With the markets performing as poorly as they have lately, we’ve been getting lots of federal employees asking us if they should continue contributing to their TSP. Many people are concerned about making contributions only to see their TSP values dropping as soon as they invest their money.
It’s a great question and we’ll explore what TSP participants need to consider when making the best decisions for their family, as well as the one circumstance where you may want to slow down or possibly stop your TSP contributions altogether.
Down Market = Loss of Value?
The common reasoning behind this question is that many people wonder why they should put money into an investment that keeps losing value. There are a few reasons for doing so as it relates to retirement account contributions.
Provided that you have strong investments, like ones offered inside the TSP, you should be thinking about a drop in the markets as a sale on investments in the stock markets. It sounds a little ridiculous, but if you’re still working that means you may still have some time and that you’re a long-term investor.
What’s the likelihood that those investments will go back up in value? If you believe they will, wouldn’t you want to purchase them when they’re lower in value? This is called being “bullish” about the markets or investments writ large. The inverse, when you feel negatively about an investment, is called being “bearish”. Understand that not all investments recover their lost value. No company, including very large ones like S&P 500 companies (C-Fund), are guaranteed to be invulnerable to some sort of economic disaster. 2008 was a prime example of this.
But you need to measure your risk in your portfolio and determine whether it’s acceptable relative to your goals. The more growth potential there is, the higher the risk both in volatility (price fluctuation) as well as the potential for permanent loss. Being diversified helps spread out the risk of any one company going under.
There’s a simple strategy in portfolio management called Dollar Cost Averaging. This is when an investor slowly makes purchases of investments in smaller amounts over time rather than a large sum all at once. Wealth managers will use this strategy during volatile markets to deploy cash because it allows investors to get a better overall average price of all their investments together. We use this strategy with our clients, and it has the potential to be extremely successful if you do it correctly.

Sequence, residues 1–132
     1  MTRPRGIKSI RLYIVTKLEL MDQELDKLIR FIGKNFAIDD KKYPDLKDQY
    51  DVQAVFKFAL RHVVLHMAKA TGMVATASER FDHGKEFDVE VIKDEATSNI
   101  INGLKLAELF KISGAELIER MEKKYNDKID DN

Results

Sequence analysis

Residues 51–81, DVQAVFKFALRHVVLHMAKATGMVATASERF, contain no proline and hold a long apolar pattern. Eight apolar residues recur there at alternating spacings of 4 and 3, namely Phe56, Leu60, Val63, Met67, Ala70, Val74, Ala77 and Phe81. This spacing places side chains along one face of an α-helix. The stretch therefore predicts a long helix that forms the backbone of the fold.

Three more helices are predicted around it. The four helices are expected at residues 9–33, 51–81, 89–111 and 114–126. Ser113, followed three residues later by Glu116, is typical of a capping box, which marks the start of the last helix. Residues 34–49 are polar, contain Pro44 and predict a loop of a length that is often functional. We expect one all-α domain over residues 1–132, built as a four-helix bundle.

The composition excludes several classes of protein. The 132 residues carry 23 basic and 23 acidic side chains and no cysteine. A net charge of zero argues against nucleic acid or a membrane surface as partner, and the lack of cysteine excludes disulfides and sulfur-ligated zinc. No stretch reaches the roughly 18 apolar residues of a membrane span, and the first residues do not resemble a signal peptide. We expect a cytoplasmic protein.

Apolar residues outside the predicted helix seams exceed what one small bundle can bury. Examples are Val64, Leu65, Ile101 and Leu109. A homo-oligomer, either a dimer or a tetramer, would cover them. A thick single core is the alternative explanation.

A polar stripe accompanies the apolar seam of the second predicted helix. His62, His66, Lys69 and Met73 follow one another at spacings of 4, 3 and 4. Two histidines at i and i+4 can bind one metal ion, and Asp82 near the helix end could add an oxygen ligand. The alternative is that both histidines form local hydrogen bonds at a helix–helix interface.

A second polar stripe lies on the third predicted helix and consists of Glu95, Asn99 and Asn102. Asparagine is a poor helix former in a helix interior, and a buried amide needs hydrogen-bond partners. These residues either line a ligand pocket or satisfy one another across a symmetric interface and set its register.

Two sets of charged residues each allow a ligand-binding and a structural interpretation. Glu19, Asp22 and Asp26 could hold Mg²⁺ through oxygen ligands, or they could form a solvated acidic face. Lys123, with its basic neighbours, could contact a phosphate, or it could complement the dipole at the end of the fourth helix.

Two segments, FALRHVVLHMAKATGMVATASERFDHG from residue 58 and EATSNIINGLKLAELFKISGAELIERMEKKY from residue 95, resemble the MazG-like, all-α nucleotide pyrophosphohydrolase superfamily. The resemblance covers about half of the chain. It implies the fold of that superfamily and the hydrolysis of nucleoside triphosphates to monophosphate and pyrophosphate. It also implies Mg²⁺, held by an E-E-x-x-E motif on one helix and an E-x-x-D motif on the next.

You also must remember that by continuing to make TSP contributions, you’re also continuing to defer taxes on your salary and the growth of investments if you’re using the Traditional TSP, and you get to the opportunity to participate in tax-free growth if you’re using the Roth TSP.
Even if you employ the dollar-cost-averaging strategy, there is always the potential that the markets will keep falling, and that your contributions will fall in value too. But since you’re not yet retired, this volatility is less of a risk to you.
If you are retired, you can’t make contributions anymore, and volatility is absolutely a big risk to you. We won’t get into the details because that’s a separate retirement planning discussion, but just understand the concept.
When To Consider Stopping TSP Contributions
There is a circumstance where we do recommend that someone slows down their retirement account contributions. Given the current economic and market cycle, if you’re nearing retirement and your cash reserves are not close to at least 6-12 months of your expenses, you may want to consider slowing down your TSP contributions so that you are able to take more of your paycheck home and use that additional capital to build up your savings.
There are a couple of reasons for this: the first is that FERS retirement applications are backed up, so even once you retire there may be a period of time that your pension will not supply you with the cashflow you need.
The second, more important reason, is that in volatile markets, you don’t want to be selling from investments that have fallen in value to generate your needed cashflow. It’s imperative that federal employees understand that the TSP does not allow you to pick the fund from which to sell to take a distribution.
So, for your immediate cash needs, you really want to have enough in reserves to be able to access if needed. This is important even if you plan to move your TSP to an IRA, where you do have that level of control. Doing this transfer can take some time, especially if you still need to develop a proper plan surrounding your retirement and investment strategies first.
There is a delicate balance, however. Too much cash, especially in an environment like our current one with high inflation, will create a significant cash drag on your wealth. Inflation is the silent portfolio killer, and a portfolio not aggressive enough can struggle to support your lifestyle for your entire retirement. Simultaneously, a portfolio too aggressive at the wrong times can cause you to sustain greater losses than your financial independence can withstand.
Lastly, remember that changing your TSP contributions can impact your taxes, so make sure that you understand the impact of making that decision, and talk to your advisors before making any changes.